The following section presents an overview of the projects and initiative that took part in the survey. The results are meant to be indicative, but, given the low response rate (n = 13), do not provide a comprehensive overview of existing global research projects and ocean initiatives. We therefore concentrate on a descriptive presentation of the results. In Table 1, we highlight the qualitative outputs from the survey and further information of all analyzed projects (n = 26) collected from publicly available resources. Respective findings including recommendations from survey respondents are presented and discussed in the context of recent literature in Section “Discussion,” providing a more comprehensive picture of challenges and good-practices for integrated research projects.
The survey projects and initiatives cover all ocean basins except the Arctic Ocean and include all maritime zones from Internal Waters toward the High Seas. While 70% of all projects covered waters of the Territorial Seas and Exclusive Economic Zone, many projects also cover ABNJ. Specifically, 54% of projects focus on the High Seas, 46% on the Continental Shelf, and 31% on “The Area” (seabed/ocean floor) (see Figure 1). Thereby, more than half of the projects (54%) operate at the international level, while 15 and 31% operate at national and local to regional level, respectively. Funding was mainly provided by governmental or intergovernmental institutions (69 and 49%, respectively), while also private sector, non-governmental institutions, and donations were mentioned as a source. One of the projects was not funded at all, but was carried out on a voluntary basis.
All projects and initiatives consulted or involved non-academic stakeholders. The stakeholders involved covered representatives from (ordered from most mentioned to least mentioned): industry/business (85%); governmental institutions (77%); local communities (77%); non-governmental institutions (69%); educators (69%); private foundations (62%); media (54%); culture and arts (46%); and public health, tourism, youth groups, and indigenous communities (8% each).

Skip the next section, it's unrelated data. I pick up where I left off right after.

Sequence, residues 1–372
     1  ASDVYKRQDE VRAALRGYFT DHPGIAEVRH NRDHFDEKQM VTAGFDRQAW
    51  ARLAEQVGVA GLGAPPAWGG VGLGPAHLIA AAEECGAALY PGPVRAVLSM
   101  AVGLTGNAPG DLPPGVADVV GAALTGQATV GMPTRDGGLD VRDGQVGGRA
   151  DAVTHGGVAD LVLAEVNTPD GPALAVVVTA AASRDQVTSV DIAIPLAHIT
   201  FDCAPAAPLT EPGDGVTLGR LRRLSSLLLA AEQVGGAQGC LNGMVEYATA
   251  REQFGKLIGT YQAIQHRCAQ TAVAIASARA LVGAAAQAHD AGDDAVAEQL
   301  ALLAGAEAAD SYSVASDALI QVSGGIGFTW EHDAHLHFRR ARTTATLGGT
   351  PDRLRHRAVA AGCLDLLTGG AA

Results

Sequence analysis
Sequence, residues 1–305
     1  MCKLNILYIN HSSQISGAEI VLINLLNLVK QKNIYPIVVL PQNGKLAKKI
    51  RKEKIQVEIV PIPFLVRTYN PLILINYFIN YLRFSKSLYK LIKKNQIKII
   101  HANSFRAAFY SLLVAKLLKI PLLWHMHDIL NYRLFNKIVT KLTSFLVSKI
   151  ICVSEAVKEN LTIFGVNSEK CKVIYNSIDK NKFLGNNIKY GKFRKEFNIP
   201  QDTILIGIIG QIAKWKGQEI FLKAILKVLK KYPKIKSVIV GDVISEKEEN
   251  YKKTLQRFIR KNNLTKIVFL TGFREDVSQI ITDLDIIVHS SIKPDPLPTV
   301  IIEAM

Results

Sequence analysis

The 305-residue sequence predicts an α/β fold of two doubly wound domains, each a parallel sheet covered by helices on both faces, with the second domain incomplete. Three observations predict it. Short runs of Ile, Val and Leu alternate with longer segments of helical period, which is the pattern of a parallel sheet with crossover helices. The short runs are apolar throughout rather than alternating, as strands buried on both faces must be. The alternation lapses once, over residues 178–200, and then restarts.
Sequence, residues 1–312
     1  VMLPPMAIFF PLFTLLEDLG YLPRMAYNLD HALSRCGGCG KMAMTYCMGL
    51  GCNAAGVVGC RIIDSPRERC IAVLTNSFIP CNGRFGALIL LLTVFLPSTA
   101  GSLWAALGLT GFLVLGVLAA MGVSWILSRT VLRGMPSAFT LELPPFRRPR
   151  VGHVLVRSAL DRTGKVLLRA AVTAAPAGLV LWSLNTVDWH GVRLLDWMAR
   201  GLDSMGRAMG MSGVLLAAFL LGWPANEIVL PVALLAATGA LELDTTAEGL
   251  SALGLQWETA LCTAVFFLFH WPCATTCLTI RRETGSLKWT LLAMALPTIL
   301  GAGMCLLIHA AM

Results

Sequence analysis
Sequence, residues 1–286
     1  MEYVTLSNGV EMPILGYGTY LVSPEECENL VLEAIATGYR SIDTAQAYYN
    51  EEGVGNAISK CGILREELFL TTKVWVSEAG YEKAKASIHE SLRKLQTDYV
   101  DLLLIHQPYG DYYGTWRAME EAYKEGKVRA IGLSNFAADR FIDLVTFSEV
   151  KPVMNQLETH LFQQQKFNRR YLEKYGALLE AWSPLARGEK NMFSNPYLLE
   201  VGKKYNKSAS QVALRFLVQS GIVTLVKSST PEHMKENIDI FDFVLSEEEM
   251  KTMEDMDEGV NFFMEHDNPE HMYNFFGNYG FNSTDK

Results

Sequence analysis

Projects varied in the number and constellation of academic disciplines they combine, and in the degree of integration, depending on their purpose and aim. While natural sciences such as Ecology and Oceanography were predominantly applied by 93 and 69%, respectively, social sciences including Economics, Political Sciences, and Sociology were applied by 39–46%. A chord diagram visualizing the combinations of academic disciplines involved within investigated projects and initiatives is depicted in Figure 2. While some projects drew upon the expertise of up to nine disciplines, others simply combined two disciplines to develop novel ideas driving innovation. On the one hand, the Horizon 2020 project SOPHIE brought together marine and environmental scientists with medical and social scientists, public health, and other experts to tackle complex issues of SES in one joint forum. On the other hand, the Ecostructure project combines the two disciplines of ecology and engineering to find commercial solutions to enhance biodiversity along human-made coastal infrastructures such as marinas, by creating innovative constructions enhancing the structural complexity of facades.
Figure 2. Chord diagram visualizing the combinations of disciplines involved within investigated projects and initiatives. The thickness of the connections relates to the number of discipline combinations stated explicitly in the questionnaire.